All blood donations should be tested for the Zika virus, the Food and Drug Administration said Friday.
Zika can spread invisibly, so it's safest to test all blood donations for the virus, which causes severe birth defects if pregnant women get it and which can cause a paralyzing condition called Guillain Barre syndrome.
"There is still much uncertainty regarding the nature and extent of Zika virus transmission," said Dr. Peter Marks, director of the FDA's Center for Biologics Evaluation and Research.
"The potential for sexual transmission also adds another layer of complexity to the Zika virus outbreak. Work is ongoing to better understand the duration of the risk, but based on the available evidence, the possibility exists that men may transmit Zika virus to sexual partners for several months and women may transmit to their partners for a few weeks," Marks told reporters.
"Individuals who contract Zika virus through sexual transmission might be unaware and present to donate blood as well."
And just hours later the Centers for Disease Control and Prevention said a man showing no symptoms of Zika likely passed the virus to his sexual partner in Maryland — in what is believed to be the first case of its kind in the U.S.
The man had traveled to the Dominican Republic but the woman he infected had not traveled, the CDC said in a report. She was not pregnant.
There was another instance in which a man with no symptoms is believed to have passed on Zika through sex, but in that case both had traveled in a country where Zika infections were occurring, making it impossible to rule out a mosquito bite, the CDC said.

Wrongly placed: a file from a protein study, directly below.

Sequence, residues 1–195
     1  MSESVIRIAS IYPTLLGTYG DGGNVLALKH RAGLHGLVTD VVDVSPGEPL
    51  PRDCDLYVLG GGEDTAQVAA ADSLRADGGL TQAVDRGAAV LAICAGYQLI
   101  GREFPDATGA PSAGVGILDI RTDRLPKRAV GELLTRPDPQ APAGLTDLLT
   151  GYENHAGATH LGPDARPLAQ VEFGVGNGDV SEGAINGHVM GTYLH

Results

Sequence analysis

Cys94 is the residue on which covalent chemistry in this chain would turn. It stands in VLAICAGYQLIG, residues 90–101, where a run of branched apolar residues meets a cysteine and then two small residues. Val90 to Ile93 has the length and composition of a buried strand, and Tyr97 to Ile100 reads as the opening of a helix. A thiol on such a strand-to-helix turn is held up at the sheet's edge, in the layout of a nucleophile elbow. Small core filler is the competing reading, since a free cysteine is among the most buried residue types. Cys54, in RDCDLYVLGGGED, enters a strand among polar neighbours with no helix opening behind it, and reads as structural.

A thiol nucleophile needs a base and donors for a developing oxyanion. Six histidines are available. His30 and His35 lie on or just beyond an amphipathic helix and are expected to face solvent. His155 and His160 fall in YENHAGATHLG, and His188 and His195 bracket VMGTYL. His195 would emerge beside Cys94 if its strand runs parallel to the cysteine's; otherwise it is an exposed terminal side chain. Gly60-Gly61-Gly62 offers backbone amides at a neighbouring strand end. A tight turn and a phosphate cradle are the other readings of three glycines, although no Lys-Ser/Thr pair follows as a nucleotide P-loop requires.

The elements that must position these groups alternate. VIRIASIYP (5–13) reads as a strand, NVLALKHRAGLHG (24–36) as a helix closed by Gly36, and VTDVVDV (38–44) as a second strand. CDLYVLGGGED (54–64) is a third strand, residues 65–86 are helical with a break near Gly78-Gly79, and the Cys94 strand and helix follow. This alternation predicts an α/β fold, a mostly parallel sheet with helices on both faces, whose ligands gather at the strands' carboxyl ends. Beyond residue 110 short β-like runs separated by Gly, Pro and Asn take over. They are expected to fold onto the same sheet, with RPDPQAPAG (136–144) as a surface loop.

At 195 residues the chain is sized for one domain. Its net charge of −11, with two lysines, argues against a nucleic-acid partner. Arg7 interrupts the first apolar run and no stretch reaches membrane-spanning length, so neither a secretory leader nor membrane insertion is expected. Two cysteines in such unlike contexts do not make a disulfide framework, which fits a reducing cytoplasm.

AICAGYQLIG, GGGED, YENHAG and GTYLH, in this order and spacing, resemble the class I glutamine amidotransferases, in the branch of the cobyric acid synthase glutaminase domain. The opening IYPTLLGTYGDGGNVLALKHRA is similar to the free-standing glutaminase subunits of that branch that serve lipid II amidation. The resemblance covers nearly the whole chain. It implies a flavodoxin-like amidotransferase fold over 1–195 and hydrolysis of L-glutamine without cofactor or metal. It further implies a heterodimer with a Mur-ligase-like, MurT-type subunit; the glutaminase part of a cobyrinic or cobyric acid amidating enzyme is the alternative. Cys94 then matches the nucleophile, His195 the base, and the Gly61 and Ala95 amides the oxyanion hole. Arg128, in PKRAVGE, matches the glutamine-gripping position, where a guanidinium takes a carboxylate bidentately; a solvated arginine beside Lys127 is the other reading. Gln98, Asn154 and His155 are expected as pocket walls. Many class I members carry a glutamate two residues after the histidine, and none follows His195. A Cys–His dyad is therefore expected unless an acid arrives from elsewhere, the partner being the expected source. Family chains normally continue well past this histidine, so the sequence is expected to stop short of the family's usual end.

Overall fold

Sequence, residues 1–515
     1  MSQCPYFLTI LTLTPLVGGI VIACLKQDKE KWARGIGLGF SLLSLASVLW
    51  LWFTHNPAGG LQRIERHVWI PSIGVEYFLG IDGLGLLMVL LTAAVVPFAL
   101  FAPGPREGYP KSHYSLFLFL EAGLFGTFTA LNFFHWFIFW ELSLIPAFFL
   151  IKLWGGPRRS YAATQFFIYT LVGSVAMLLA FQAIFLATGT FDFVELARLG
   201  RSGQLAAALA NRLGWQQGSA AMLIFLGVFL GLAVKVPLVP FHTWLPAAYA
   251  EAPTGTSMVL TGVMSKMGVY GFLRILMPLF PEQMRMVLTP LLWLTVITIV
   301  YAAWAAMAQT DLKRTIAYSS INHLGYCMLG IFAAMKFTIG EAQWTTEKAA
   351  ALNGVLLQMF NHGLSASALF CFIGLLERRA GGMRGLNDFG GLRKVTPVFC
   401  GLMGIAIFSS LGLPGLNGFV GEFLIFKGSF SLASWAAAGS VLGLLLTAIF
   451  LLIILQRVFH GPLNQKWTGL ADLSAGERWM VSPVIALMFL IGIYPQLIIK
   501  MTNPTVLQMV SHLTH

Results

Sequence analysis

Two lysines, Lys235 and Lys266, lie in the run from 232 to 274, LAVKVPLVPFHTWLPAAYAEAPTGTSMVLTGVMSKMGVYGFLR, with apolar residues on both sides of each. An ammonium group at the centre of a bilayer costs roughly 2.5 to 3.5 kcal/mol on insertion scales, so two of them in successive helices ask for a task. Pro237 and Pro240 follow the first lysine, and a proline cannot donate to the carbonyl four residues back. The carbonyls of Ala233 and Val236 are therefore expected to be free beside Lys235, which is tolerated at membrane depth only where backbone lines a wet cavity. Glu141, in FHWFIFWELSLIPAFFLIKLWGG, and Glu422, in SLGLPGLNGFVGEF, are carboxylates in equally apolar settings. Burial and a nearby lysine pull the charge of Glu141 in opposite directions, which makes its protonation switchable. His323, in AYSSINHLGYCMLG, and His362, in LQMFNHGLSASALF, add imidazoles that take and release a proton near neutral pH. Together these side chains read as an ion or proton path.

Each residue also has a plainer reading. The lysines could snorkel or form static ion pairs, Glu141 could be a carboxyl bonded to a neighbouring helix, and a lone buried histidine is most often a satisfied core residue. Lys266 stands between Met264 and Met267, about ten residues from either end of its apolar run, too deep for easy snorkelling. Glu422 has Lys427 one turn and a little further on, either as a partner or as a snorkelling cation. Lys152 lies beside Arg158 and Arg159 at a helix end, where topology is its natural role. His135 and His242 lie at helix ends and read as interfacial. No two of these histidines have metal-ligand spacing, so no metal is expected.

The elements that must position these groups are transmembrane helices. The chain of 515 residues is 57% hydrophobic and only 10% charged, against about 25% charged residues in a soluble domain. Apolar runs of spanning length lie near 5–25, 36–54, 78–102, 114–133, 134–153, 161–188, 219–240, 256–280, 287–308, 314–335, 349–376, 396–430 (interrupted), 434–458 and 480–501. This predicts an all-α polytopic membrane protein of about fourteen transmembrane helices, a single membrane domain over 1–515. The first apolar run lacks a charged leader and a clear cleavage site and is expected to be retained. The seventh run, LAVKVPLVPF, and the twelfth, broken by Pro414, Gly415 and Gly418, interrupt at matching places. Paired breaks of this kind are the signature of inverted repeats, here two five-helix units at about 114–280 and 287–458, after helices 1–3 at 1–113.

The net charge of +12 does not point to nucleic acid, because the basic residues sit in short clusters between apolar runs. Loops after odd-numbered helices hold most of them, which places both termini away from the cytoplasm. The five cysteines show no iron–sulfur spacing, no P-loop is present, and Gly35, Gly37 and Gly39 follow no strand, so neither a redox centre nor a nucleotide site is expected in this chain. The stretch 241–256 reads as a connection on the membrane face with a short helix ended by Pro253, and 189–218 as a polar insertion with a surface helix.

Zika is spreading at epidemic rates in Puerto Rico, and it's caused at least two local outbreaks in Florida, including in Miami Beach.
Aedes mosquitoes carry the virus, and it can also be transmitted sexually.
"Testing of donated blood is already under way in Florida and Puerto Rico, as well as in other areas, and it has shown to be beneficial in identifying donations infected with Zika virus," the FDA said.
"Expanded testing will continue to reduce the risk for transmission of Zika virus through the U.S. blood supply and will be in effect until the risk of transfusion transmission of Zika virus is reduced," the FDA added.
The FDA's guidance is not binding, but it is routinely followed by blood centers.
Two experts said adding a Zika test would not affect the U.S. blood supply.
"I don't think it will impact blood donation," said Dr. Louis Katz, chief medical officer of America's Blood Centers.
"If anything, this is going to make the blood supply safer in the whole country," agreed Joshua Buckley, Media Relations Manager at Houston's Gulf Coast Regional.
Blood is routinely tested for hepatitis B, hepatitis C, HIV, a virus called HTLV, the bacteria that causes syphilis, West Nile virus and the parasite that causes Chagas disease.
There is a device that can filter plasma and platelet donations for viruses, including Zika, the FDA said. It's sold under the brand name Intercept and uses a drug called amotosalen combined with ultraviolet light.